The new lens on the iPhone 5s is slightly wider than the iPhone 5. The tiny difference is illustrated below.



We took both iPhones to a dark room to snap a photo - our intention was to check if the new flash really does allow for more accurate colors, but the result was quite surprising. Both phones did a 1/16s exposure but the iPhone 5s shot at ISO 100, while the old model did ISO 200. And the difference is noticeable, whether it's having a second LED flash, a wider aperture and a bigger sensor or a combination of those things, the iPhone 5s shows a much improved low-light shooting capabilities.

The photos have a yellow tint though, which may not surprising given the daylight shots, but those promises for improved color accuracy didn't pan out.



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Low-light camera sample iPhone 5s • iPhone 5

Of course, you can check out how the iPhone 5s does on our three standard charts against its predecessor and all the other phones in our database.

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iPhone 5s vs. iPhone 5 in our photo quality comparison tool

Video camera

The iPhone 5s camera records 1080p video at 30fps, which is the most popular option at the moment but we're already seeing UHD videos and 1080p @ 60fps. The iPhone 5s does have a high framerate mode, 720p @ 120fps, which is used for slow motion videos.

The standard 1080p @ 30fps videos are captured at 17Mbps bitrate, which is about the average for Androids too. Most disappointingly, the iPhone 5s continues to capture mono sound (64Kbps, 44.1kHz) just like its predecessor, which bewilders us now as it did then - both phones have multiple mics, so it's really disappointing that Apple didn't put them to use.

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Video camera UI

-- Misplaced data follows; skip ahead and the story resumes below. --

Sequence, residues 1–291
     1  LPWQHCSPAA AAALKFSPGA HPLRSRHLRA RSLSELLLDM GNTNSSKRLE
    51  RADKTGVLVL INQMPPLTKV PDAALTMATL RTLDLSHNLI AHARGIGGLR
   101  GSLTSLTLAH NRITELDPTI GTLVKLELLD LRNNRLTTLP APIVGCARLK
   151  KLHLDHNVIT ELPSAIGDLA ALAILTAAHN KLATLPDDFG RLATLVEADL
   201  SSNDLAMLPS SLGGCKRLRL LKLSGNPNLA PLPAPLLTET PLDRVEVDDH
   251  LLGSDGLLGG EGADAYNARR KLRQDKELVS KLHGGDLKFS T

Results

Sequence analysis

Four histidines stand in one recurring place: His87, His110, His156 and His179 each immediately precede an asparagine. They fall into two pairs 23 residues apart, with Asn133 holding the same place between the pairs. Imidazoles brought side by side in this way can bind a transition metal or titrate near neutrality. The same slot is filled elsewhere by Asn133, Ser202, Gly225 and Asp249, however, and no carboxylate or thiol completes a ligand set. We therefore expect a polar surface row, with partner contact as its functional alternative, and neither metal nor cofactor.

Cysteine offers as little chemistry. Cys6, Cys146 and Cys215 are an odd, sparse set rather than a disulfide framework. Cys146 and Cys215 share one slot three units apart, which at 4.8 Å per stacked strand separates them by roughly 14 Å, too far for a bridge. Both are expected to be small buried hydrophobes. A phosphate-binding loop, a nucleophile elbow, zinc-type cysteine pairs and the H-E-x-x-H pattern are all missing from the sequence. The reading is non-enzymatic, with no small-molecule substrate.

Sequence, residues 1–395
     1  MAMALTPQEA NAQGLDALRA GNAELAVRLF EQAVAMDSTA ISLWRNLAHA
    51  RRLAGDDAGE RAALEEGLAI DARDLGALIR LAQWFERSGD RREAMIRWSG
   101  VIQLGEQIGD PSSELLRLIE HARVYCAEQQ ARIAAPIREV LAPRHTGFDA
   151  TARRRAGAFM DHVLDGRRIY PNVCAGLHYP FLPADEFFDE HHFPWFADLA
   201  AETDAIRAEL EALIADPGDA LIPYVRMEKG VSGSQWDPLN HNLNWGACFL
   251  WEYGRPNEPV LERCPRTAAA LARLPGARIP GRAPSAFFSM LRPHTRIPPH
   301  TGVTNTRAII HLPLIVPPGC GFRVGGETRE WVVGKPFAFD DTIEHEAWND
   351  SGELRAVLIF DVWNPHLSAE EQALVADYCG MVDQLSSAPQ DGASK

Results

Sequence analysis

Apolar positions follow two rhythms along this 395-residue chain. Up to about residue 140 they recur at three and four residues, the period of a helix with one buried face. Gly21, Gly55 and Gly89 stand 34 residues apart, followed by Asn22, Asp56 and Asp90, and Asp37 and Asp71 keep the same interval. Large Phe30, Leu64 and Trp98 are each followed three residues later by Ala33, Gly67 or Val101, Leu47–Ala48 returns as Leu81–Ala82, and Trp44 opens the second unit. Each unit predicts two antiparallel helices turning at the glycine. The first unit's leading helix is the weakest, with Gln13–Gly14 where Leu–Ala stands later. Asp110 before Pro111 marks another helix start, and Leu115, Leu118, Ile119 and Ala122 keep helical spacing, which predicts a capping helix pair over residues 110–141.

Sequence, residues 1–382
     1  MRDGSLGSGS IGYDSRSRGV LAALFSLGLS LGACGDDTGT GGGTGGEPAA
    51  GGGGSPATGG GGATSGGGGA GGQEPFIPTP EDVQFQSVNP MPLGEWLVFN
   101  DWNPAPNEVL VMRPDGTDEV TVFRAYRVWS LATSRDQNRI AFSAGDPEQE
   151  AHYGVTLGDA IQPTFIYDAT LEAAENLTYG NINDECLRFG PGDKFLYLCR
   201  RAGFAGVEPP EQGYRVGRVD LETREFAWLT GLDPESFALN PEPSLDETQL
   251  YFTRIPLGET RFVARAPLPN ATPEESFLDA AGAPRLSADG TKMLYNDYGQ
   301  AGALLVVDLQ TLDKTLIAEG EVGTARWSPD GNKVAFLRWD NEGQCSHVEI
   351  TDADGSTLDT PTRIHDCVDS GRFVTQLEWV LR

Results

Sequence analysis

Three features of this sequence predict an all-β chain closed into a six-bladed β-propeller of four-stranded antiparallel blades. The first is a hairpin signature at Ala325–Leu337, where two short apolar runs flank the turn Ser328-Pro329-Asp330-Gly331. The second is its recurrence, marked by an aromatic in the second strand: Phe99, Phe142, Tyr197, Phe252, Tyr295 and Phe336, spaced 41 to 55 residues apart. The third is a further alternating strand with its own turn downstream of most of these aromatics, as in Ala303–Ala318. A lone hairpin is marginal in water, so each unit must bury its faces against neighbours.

You can snap a photo during video recording, but that comes out with 1080p resolution and are barely any better than grabbing a frame from the video. The only difference is that those shots have the same FoV as the still camera, while the video itself has much narrower viewing angle due to the way the iPhone 5s stabilization works.

The video quality is excellent - videos are smooth, have no noticeable noise and plenty of detail. The videos carry over the warmer white balance and slightly oversaturated colors of the still photos, but there's no pixilation, oversharpening or jumpy continuous autofocus, which are our most common complaints for other phones.

You can also download an untouched sample here - 1080p @ 30fps (6 seconds, 13.4MB).

Slo-mo videos are shot at 720p resolution and 120fps frame rate, which can give you a 4x slowdown. The bitrate jumps to a hefty 30Mbps, which suggests Apple picked 17Mbps for regular videos with storage in mind (and those certainly don't suffer from low bitrate).

Anyway, one thing we noticed is that the phone does a cool-looking ramp up effect where time runs normally and then smoothly transitions to 4x slowdown. The videos themselves are at 4x slowdown the whole time so you lose the great effect if you download the video to a computer or share it on YouTube.

We re-encoded one video to 30fps to show you what the slo-mo looks like, but bear in mind that due to the extra re-encoding step the quality has been degraded a bit. You can download the original video here - 720p @ 120fps (8MB). You'll need a player capable of reducing the framerate to experience the slowdown, the video itself runs in realtime.

We also tested the video stabilization of the iPhone - it's a software stabilization, there are no special hardware components. We pitted it against the HTC One which has actual optical image stabilization, but the iPhone 5s video actually looks smoother. The trade-off, as we said, is the narrower field of view on the Apple smartphone, but the result is still mightily impressive.

Video quality comparison

The field of view of the iPhone 5s video camera is a little wider than the one on the iPhone 5, letting you capture a bit more in the frame. The difference is slightly more pronounced than what the still camera showed.



Despite the wider FoV, the new iPhone 5s actually manages to capture more detail - it's not like your iPhone 5 is suddenly junk, but there is definitely a difference if you look at the two videos up close (it's easiest to see in foliage). The videos have a warner white balance once again.



Our video compare tool is another great place to check for differences in video quality between the iPhone 5s and last year's model. There are plenty of droids to throw it against too.

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iPhone 5s vs. iPhone 5 in our video quality comparison tool